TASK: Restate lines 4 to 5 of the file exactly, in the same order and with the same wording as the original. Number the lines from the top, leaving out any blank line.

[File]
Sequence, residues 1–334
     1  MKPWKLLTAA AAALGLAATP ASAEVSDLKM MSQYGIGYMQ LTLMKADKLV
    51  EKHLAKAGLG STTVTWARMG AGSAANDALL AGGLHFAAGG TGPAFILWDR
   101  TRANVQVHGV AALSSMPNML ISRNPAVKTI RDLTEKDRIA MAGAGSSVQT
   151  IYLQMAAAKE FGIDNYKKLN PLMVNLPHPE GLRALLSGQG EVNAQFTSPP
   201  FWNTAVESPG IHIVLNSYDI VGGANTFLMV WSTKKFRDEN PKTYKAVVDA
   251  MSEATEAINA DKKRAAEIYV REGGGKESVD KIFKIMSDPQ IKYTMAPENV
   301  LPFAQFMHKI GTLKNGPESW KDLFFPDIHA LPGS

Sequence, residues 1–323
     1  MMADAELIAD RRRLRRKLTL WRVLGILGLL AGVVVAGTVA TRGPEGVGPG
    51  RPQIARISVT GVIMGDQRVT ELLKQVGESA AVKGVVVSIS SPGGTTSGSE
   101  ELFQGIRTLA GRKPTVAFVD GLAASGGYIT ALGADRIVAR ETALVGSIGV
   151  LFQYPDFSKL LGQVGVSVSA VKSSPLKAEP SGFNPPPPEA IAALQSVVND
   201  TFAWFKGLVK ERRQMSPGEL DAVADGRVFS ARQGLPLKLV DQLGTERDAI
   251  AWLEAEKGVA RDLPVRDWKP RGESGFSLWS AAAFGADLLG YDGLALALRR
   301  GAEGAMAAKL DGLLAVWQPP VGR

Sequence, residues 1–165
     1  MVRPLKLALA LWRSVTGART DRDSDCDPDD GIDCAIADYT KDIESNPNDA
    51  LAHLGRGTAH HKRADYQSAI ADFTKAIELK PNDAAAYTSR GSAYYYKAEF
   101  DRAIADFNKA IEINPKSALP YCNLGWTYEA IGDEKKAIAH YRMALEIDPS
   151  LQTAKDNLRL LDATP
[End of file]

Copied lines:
   101  TRANVQVHGV AALSSMPNML ISRNPAVKTI RDLTEKDRIA MAGAGSSVQT
   151  IYLQMAAAKE FGIDNYKKLN PLMVNLPHPE GLRALLSGQG EVNAQFTSPP